Call me crazy but this doesn't sound like the most clever move in the world. In the space of a month our quiet life of just mom and daughter and calico cat has become a bedlam of other head covering female types invading our house on otherwise quiet Pine Street and turning the place upside down in order to make my poor mom as Jewish as they can.

I mean, I don't mind that my mom wants to be more traditional and spiritual, it's just the way they go about it. Like, we were raised Reform but these women act like that's akin to being some snake-handling-speaking-in-tongue-type deep in the heart of West Virginia. All my mom wanted in the beginning was to be able to study mystical Judaism and the holy books but they convinced her she should concentrate on keeping her home kosher and other wifely duties.

Speaking of the holy books, it's because of them that the end of my world began to turn around. It all sort of happened this last thursday, just after school.

It came about because I knew those annoying women would be about this time of the day, and also because I liked walking close to Naropa University and catching a glimpse of some of the Tibetian monks that teach there. I like seeing happy spiritual-types and not smug-oh-so-superior ones.

It was after turning right onto Pearl Street and deciding to spend my unused lunch money on a brownie at Blue's Bakery (mmmm....chocolate brownie with carmel melted on it and sea salt sprinkled in...I ask you, who could resist?) that the beginning of my salvation began. As I passed the Co-op just beside Blue a small group of people wandered out of the study hall in the Co-op, the one next to the vegan cafe. I had my eyes cast down, and so at first I didn't notice that they were all holding text books in Hebrew, one of the texts of the Talmud.

Jewish texts.

The Talmud, no less.

And in the hands of women.

Now, if they're allowed to study, why not me to? I stopped at the flyer in the window, pretending to read it, just to get a sneaky look at these people. They sure didn't look like my mom and her posse. Seeing my rather timid glances, one lady smiled and said hello.

Like the perfect fool, I stumbled over a simple reply like 'hello' and instead pointed at the black book in her arms.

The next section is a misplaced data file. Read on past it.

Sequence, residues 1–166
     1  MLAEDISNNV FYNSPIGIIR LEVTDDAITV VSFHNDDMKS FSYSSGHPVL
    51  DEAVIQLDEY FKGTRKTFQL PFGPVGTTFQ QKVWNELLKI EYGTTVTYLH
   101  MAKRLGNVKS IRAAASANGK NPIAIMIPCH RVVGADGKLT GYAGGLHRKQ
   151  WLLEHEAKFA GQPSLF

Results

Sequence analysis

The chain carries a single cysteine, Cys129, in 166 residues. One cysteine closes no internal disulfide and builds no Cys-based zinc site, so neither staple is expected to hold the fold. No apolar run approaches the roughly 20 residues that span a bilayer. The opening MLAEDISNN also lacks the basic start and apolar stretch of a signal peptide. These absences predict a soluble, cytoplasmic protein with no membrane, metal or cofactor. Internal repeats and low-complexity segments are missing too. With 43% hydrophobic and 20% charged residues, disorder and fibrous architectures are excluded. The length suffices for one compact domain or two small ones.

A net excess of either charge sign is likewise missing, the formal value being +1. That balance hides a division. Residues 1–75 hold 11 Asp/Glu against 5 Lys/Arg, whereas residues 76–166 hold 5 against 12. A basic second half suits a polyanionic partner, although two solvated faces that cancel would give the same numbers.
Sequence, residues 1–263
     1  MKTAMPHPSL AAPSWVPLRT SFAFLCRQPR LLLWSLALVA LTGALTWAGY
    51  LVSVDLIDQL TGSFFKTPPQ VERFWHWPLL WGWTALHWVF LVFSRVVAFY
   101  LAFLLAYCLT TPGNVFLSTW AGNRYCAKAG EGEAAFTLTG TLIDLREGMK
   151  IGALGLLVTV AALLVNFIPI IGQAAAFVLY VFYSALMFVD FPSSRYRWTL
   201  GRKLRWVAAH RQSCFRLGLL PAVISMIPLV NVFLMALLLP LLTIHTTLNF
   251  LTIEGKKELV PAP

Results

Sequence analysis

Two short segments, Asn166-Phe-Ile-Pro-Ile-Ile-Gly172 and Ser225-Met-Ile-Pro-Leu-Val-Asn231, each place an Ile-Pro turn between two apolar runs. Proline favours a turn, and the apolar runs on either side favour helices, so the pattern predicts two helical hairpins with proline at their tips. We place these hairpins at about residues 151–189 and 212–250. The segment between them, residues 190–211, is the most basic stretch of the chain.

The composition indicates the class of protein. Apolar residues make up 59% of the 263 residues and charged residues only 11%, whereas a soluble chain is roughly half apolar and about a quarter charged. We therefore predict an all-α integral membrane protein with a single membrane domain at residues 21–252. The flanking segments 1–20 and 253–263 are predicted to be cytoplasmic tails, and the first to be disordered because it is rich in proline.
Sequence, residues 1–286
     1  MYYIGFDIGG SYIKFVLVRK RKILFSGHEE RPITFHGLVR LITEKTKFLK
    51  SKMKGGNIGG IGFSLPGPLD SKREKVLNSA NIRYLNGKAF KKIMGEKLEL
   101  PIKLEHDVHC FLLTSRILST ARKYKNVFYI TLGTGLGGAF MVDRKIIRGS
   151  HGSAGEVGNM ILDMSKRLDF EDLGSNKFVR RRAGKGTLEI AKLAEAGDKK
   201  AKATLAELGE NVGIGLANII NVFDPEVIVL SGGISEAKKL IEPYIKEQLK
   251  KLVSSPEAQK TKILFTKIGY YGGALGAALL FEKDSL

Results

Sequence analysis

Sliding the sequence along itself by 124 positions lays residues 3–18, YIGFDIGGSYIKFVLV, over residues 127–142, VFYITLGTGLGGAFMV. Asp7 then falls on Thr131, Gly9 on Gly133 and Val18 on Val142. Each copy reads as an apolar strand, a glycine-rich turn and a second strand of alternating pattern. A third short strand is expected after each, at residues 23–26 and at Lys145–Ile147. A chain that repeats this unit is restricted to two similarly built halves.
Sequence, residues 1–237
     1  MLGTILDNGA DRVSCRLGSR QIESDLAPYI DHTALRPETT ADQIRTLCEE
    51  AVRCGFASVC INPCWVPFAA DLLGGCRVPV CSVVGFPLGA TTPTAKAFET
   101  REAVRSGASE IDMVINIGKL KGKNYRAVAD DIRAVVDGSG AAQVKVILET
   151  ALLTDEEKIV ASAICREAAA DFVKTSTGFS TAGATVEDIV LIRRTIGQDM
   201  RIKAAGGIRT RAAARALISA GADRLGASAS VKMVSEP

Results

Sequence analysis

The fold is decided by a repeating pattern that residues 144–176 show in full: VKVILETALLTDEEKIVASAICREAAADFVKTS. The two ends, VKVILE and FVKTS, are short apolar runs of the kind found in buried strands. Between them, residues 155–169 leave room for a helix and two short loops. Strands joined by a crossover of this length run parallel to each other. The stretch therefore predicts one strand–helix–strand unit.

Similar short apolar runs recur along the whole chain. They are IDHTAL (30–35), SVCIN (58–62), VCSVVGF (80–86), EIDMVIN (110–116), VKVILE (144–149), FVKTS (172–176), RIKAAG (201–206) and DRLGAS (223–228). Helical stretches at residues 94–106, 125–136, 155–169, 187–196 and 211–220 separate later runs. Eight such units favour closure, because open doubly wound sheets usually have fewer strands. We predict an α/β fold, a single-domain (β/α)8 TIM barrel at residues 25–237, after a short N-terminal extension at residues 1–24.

'Ah, are you interested in learning the Talmud?'

Hardly believing my luck, I nodded yes.

She smiled. 'Rabbi Goldburg gives classes every other thursday. You're welcome to join in, if you like.'

'Yes, but I don't own any texts.'

'Ah, we have photocopies for people in your situation.'

What, people with weird mothers? Great!

Hardly believing my luck, I felt myself nod and agree to faithfully come to the next class. Now, of course it's during the last hour of high school but I wasn't going to let that deter me. I'm doing this, damn it.

The nagging females in my house didn't even annoy me after I floated through the front door. A chance to study Talmud. I can't believe my luck. I took my non-kosher brownie (I can't even remember buying it) and wandered upstairs into my room.

A chance, a real chance.

How lucky am I?

Tuesday, 15 July 2008

One Single Impression--prompt 20--Myth

Raven steals the sun
black wings illuminating
trickster heals the world.

Monday, 14 July 2008

Weekend Wordsmith--prompt 'Crowded'

She dreams of colours,
primary colours,
laughing, singing,
She dreams of crowds,
heaving, loving,
She dreams of senses,
delicate, spicy,
She dreams.

Sunday, 13 July 2008

Friday 5 from Poefusion

Every friday at Poefusion there is a prompt of five words, for you to write a poem or story to. Last fri the words were:

photo album
post office
broken window

This poem is rough but I've no time to rewrite it (it's a bit hard to write whilst also entertaining a 3 month old), and as I said in the last post, if I think about it, I'll never write at all, so this is my way of trying to get creative again.

The boy with no ties
to family,
no mother to praise him,
no father to encourage, no
grandparents to spoil him; this
boy watches the social worker
with the folder
and wonders why
it isn't a photo album
for him.

If it was, what
would they look like, his family.
Would his mother be pretty, his
grandfather kind?
All he can see when he thinks of family is
a broken window where bullets came in,
a stained and dirty mattress to sleep on,
the t.v. that never was quiet.

The social worker glances at him;
the woman who can read minds.
She's seen it all before.
When she thinks of his family
all she can see is a rage
as red as the post office van
that passes the office.
Her thought to strike them down in vengeance.
Instead she offers this
boy a present,
a book instead of an album.

Knowledge instead of pain.
Love in place of indifference.

One Single Impression--prompt 19

Okay, this is crap, I know it's crap, but the thing is...if I don't jump now and just do it then I'll lose my nerve and never do it. So this is my first attempt at Japanese poetry via the OSI prompt 'Through a Window.'

Falling gently down,
the girl from the window lands
soft, a down feather.

A slip was all it took for
her to know that she can fly.